It's the oldest truism in European history: Never start a two-front war. Napoleon did it with England and Russia. Kaiser Wilhelm, too. And the guy with the funny mustache, three. They all lost in the end. So I find it more than a little curious that in the latest example of bi-martial European business, an English company is failing to heed the lessons of history.
According to several reports out yesterday, U.K. grocer Tesco has decided that it's no longer content to go head-to-head with the world's largest retailer, Wal-Mart
On Monday, the U.K.'s biggest supermarket chain announced that it will begin selling six software packages in Britain and Ireland, including word-processing, spreadsheet, and antivirus software, a personal finance package, a photo-editing tool, and a package used for burning CDs and DVDs. Sold separately, each software program is expected to retail for less than $40.
Although the price looks nice (when compared to Microsoft packages that can cost several times more), it leaves unanswered the obvious question: Just how qualified is a supermarket to write software, anyway? And here's the answer: It isn't at all. But Tesco knows that, so it's partnering with UK computing house Formjet to do the actual coding. Most importantly, Tesco confirms that all of the software it will retail will be compatible with Microsoft's own software and operating systems.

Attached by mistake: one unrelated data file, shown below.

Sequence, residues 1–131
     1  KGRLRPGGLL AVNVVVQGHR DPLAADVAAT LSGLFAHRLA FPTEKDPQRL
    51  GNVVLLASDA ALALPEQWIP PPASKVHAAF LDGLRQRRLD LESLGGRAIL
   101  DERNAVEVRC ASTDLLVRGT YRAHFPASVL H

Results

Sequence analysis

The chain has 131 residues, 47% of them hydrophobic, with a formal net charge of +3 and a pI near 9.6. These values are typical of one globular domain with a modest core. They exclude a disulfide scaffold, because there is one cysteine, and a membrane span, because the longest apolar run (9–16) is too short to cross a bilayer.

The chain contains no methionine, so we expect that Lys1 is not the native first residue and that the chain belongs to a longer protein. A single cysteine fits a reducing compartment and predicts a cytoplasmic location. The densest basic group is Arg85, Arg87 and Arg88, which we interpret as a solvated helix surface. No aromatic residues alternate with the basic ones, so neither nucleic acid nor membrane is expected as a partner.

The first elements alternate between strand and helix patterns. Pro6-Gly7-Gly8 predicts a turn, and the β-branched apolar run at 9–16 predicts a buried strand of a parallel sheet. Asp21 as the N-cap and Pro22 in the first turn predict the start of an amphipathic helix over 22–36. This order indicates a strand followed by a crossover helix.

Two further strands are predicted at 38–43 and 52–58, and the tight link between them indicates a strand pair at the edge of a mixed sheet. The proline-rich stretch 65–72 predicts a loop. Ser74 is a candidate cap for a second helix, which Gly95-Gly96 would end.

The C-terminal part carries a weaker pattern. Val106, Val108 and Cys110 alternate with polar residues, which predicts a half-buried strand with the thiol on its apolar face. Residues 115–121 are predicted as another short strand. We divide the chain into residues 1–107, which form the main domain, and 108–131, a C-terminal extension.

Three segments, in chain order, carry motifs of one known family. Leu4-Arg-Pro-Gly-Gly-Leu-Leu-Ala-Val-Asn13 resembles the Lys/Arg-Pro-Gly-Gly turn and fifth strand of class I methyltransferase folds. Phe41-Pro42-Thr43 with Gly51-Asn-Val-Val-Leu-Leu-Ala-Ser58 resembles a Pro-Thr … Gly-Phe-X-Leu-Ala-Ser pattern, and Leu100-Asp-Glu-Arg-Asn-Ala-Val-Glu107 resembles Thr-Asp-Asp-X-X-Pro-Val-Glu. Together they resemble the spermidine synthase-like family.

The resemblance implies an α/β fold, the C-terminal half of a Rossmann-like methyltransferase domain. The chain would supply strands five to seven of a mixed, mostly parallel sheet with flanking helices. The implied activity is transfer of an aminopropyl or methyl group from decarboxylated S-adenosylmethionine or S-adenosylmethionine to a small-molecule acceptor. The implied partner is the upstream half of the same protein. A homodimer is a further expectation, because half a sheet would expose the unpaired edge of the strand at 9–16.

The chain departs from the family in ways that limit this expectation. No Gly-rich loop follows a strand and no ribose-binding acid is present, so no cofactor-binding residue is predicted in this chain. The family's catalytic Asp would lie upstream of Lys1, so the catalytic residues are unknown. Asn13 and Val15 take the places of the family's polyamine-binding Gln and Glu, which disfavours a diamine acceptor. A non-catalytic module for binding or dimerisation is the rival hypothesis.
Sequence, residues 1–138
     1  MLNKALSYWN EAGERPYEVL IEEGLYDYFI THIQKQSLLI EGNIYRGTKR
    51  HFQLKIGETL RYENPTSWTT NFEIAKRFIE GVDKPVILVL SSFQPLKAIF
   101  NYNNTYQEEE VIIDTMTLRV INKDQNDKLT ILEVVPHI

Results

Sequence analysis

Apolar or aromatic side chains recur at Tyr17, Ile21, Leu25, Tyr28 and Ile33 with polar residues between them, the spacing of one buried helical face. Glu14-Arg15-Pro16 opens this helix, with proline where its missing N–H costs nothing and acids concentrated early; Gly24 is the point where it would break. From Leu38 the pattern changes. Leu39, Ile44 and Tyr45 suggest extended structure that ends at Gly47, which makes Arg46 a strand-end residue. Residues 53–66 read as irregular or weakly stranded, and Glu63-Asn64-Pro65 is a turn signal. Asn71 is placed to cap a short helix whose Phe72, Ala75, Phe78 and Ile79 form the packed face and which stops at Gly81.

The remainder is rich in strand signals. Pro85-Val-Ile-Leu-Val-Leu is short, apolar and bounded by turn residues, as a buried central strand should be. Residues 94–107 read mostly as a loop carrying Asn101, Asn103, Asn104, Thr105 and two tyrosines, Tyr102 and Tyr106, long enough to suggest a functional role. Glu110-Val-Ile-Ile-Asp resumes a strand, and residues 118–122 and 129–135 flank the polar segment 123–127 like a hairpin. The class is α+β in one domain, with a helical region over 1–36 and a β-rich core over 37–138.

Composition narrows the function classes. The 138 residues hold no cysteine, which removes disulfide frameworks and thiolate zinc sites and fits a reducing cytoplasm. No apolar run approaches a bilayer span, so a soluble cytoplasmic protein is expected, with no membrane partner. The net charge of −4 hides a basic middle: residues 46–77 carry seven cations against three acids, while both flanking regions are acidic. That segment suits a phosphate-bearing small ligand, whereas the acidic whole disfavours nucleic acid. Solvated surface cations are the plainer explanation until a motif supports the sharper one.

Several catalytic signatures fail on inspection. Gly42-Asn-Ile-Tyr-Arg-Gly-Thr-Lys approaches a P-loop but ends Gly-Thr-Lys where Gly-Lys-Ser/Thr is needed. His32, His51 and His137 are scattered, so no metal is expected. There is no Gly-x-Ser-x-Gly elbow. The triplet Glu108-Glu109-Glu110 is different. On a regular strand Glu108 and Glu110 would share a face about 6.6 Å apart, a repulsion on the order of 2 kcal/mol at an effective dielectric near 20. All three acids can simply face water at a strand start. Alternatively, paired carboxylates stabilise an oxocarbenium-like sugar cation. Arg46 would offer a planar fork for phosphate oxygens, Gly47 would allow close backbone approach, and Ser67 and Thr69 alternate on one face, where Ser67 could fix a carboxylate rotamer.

That's telling in itself, when you think about it. Investors, ask yourselves: Does Tesco's initiative pose any real threat to Microsoft's software dominance? Hardly.
If Microsoft's "real" rivals -- software titans such as Adobe
Add further Foolishness to your cart:
- Never heard of Tesco? You may soon -- "the Redcoats are coming."
- Surprised to hear that Tesco's besting Wal-Mart? Well, it is -- and Wal-Mart's crying foul.
Fool contributor Rich Smith does not own shares of any company named above.